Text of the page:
I make this brittle to whizz up and sprinkle on the top of my Brownie Bottomed Chocolate Peanut Cheesecake but only a small portion of it is needed for that and actually the remainder does not go to waste! I think its a cracking little treat in its own right (just don’t tell the dentist!)
This recipe is taken from the Lyle’s Golden Syrup site although I have used unsalted peanuts but instead salted the caramel itself for a less overt saltiness I felt that the golden syrup would add a little stability to my poor record at making caramel. It worked – whether it was luck or science, who knows!
185g Caster Sugar
1 Tbsp Water
200g Golden Syrup
200g Unsalted Peanuts
2 Tbsp Sea Salt Flakes
Put a small bowl of cold water and ice next to the hob. You will need this for testing the caramel stage later.
Line a small brownie tin with greaseproof paper. You can also use a baking tray but the brittle will spread further.
Melt 60g Butter, 185g Caster Sugar and 1 Tbsp Water in a medium saucepan over a low heat until melted. Keep stirring whilst melting.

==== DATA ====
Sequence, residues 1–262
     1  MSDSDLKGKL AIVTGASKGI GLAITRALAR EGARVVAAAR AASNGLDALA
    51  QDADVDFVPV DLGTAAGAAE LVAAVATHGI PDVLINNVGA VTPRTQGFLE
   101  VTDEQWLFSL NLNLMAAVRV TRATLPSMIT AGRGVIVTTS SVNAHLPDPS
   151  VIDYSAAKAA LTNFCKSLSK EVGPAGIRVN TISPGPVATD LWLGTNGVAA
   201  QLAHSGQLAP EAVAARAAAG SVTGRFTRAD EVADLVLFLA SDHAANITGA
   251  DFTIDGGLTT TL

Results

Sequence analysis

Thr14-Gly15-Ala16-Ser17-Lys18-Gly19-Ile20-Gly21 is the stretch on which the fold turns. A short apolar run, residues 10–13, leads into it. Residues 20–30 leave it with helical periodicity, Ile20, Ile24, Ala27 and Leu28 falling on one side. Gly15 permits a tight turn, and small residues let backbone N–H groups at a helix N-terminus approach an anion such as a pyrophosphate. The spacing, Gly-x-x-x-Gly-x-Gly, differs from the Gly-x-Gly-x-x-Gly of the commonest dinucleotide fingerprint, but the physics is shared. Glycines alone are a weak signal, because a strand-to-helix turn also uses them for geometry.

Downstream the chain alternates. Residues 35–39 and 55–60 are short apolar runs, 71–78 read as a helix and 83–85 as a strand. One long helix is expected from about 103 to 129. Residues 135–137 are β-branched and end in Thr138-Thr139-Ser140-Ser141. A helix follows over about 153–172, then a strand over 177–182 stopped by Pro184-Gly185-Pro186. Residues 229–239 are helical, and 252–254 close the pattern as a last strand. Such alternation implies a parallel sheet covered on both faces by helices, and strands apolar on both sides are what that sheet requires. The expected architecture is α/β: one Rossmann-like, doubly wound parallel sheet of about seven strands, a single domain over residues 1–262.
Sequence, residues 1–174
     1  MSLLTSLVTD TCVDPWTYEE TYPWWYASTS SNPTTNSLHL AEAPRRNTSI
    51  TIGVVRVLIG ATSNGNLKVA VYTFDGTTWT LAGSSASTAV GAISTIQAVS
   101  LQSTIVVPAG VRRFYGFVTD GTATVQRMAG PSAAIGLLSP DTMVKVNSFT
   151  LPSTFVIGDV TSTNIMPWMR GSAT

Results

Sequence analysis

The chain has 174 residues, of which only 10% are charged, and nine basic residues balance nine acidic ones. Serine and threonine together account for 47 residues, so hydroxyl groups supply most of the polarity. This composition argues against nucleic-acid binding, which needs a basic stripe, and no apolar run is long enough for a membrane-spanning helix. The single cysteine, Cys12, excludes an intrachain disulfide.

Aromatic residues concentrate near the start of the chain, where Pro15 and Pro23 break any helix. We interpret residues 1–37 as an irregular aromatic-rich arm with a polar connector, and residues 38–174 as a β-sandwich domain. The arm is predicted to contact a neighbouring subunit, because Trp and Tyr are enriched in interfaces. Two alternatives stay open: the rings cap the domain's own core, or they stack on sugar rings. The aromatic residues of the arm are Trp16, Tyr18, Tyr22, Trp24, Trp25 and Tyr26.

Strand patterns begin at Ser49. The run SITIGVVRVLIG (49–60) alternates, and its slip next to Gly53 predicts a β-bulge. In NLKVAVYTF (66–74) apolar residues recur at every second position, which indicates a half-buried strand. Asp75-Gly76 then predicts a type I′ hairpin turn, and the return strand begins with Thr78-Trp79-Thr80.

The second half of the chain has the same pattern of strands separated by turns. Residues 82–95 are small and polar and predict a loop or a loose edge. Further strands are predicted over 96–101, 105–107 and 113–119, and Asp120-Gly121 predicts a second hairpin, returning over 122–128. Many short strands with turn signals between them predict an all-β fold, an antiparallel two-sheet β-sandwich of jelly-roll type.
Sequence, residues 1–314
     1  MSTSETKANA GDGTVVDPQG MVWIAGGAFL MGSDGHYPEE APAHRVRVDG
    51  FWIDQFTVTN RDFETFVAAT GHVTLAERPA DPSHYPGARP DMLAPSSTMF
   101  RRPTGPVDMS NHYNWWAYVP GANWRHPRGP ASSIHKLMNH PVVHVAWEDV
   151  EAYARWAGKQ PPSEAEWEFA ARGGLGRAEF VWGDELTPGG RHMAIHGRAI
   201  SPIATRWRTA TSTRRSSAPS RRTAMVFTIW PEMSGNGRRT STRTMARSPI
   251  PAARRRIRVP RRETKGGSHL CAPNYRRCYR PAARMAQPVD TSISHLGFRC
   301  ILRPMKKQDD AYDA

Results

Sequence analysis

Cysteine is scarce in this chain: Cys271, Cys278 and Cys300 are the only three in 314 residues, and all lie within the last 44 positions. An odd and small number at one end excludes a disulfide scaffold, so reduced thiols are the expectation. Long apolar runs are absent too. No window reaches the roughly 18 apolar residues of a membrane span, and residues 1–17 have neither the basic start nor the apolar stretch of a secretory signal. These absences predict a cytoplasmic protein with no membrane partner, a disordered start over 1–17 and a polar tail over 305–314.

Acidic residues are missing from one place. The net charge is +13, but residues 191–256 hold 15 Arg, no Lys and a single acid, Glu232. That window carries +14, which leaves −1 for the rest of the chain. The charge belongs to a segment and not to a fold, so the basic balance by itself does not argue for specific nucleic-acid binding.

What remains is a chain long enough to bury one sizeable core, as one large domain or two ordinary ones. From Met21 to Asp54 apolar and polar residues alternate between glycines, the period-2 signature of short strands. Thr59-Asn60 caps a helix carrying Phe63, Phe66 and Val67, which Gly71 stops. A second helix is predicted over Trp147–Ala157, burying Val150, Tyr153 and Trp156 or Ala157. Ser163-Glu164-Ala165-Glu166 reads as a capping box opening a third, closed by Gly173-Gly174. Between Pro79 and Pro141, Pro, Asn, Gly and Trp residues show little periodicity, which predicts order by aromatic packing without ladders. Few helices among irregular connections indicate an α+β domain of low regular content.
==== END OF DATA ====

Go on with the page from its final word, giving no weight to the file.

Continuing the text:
Add 200g Golden Syrup and continue stirring until all combined and the mixture has started to simmer – you may need to increase the heat a little.
Continue to gently boil and stir until the caramel starts to darken a little. This took longer than I was expecting – about 10 minutes.
To test when it is ready, drop a little of the caramel into your bow of ice water. When it immediately holds together and hardens it is ready. You may need to keep testing every minute or so until this happens – be patient – it will happen! You will also ‘just know’ when the texture changes. Trust your instincts.
Add 200g Unsalted Peanuts and 2 Tbsp Sea Salt Flakes whilst still on the heat and stir until totally combined.
Pour the mixture into your lined tin and leave to cool – do not be tempted to touch it for a good 10/15 minutes – molten sugar will burn
After 15 minutes you can remove from the tin (carefully) onto a cooling rack – I flipped mine over so the underside cooled more.
After another 15 minutes or whenever you want to, bash the block of brittle onto the worktop to break it up into bite size pieces. Or use a hammer – whatever floats your boat.